The rest of the day went rather uneventfully and we stopped at Camperdown to take a look at house where our mum had died, where they had retired when dad took early retirement so that he could look after her.
The house was unchanged, except for much increased security.
The extra plot next door that my dad had turned into a very large garden was subdivided and now acted as a plant nursery.
A bit disappointing, but then we know now that everything changes and the rose tinted spectacles of youth do help.



We ended up getting to James "Dirty Boy's" place just after the main traffic rush, fortunately our route ran against the homeward bound Friday evening rush.

When we got to his place, he was just cleaning up his baby to go off to transport some youngsters in style.



Of course the dogs also came out to greet us, and who can resist such a welcome?



I managed to get the mattress in the lounge again.... Thanks to Dozers plea's and Goose's pre=emptive strike on my credibility as a silent sleeper.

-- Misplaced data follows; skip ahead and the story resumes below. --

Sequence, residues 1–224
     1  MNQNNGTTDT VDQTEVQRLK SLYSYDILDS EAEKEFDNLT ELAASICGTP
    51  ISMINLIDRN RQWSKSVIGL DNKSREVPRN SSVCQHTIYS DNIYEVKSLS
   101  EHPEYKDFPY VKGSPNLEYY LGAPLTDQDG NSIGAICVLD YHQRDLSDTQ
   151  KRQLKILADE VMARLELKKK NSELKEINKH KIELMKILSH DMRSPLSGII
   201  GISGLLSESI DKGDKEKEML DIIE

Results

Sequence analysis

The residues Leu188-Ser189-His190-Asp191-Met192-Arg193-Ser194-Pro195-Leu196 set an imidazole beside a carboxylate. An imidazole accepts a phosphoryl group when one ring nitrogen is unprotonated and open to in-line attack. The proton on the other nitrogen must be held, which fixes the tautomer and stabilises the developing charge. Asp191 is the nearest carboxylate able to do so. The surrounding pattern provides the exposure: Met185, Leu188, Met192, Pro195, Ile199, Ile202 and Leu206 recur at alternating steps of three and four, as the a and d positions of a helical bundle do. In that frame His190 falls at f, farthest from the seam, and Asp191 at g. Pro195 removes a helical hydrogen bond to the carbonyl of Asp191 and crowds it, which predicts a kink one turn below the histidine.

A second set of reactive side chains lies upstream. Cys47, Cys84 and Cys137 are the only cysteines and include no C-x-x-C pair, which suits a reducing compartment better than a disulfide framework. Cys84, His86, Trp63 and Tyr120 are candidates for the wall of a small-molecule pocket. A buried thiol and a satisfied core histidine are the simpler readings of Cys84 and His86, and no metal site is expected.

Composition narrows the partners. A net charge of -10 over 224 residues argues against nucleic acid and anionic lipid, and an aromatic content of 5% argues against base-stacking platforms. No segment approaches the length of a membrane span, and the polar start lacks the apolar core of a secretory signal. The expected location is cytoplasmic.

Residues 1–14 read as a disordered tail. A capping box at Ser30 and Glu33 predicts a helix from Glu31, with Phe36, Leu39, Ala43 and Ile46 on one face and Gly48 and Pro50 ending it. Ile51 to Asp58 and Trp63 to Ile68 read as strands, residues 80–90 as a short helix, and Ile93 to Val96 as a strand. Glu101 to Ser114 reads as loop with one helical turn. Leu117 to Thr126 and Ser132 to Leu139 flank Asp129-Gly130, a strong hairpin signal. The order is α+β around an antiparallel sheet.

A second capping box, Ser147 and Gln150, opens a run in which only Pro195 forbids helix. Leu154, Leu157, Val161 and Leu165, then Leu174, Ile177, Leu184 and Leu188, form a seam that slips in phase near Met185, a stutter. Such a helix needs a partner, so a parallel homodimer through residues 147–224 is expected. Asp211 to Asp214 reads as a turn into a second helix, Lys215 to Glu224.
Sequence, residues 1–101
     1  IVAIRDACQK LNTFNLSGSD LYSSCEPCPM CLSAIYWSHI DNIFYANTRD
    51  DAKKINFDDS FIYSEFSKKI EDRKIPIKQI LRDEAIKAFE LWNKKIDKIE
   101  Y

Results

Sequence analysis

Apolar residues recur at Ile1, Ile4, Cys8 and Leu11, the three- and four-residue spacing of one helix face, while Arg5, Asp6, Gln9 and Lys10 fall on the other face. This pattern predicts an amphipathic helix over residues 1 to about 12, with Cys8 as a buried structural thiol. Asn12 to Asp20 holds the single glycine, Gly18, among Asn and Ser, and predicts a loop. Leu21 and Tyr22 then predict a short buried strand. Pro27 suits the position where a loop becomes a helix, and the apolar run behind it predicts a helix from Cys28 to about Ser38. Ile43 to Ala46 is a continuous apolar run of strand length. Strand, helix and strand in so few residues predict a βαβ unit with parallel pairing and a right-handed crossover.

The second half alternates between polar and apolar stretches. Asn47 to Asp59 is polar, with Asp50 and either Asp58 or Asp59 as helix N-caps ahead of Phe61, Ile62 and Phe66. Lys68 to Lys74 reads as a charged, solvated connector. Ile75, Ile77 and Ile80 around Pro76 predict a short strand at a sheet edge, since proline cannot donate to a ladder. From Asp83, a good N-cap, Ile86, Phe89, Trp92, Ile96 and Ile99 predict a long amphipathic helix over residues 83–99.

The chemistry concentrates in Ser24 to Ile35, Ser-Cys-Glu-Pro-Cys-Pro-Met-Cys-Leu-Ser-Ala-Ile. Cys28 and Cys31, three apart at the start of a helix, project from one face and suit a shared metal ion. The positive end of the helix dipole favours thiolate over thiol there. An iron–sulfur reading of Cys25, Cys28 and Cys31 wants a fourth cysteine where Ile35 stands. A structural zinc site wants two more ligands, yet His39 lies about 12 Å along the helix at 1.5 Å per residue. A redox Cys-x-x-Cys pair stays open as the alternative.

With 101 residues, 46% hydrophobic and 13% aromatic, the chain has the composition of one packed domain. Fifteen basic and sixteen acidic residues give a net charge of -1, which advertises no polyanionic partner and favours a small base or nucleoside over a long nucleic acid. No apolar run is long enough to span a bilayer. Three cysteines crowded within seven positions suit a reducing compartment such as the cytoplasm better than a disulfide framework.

After showering, and while James was out, I sat on Dozers bed and read, having one of the cats (the friendly one) make itself at home at my feet.

We ended up in bed by 23.00 as we were both knackered from the roads and long day riding.

At about 03.30 I woke with a big lump right behind my butt.... at first I thought I may have shat myself or had a prolapse, then gingerly peeling back my blanket, I discovered the Nasty cat who attacks for no reason, had actually crawled in under my blanket and made herself comfortable in my bed.



I tried some gentle stroking and was met by a neat, loud purrrrr....

Followed by a stretch that would be perfectly at home on LOLCATS and I can haz cheeseburger.



And another.



After this the two of us went back to sleep, as Deon and I had planned to do a 400+ km daytrip on the Saturday, back to our old school, and our parents homes.

More of the next day tomorrow.
NEVER EVER UNDERESTIMATE THE STUPIDITY OF OTHERS....

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Offline grizz

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Went to my local, well it is 10 miles away, council tip to get rid of all the rotten paint and loads of empty paint buckets yesterday.....

A guy was unloading this shield.... it never even hit the ground, just went straight into my car.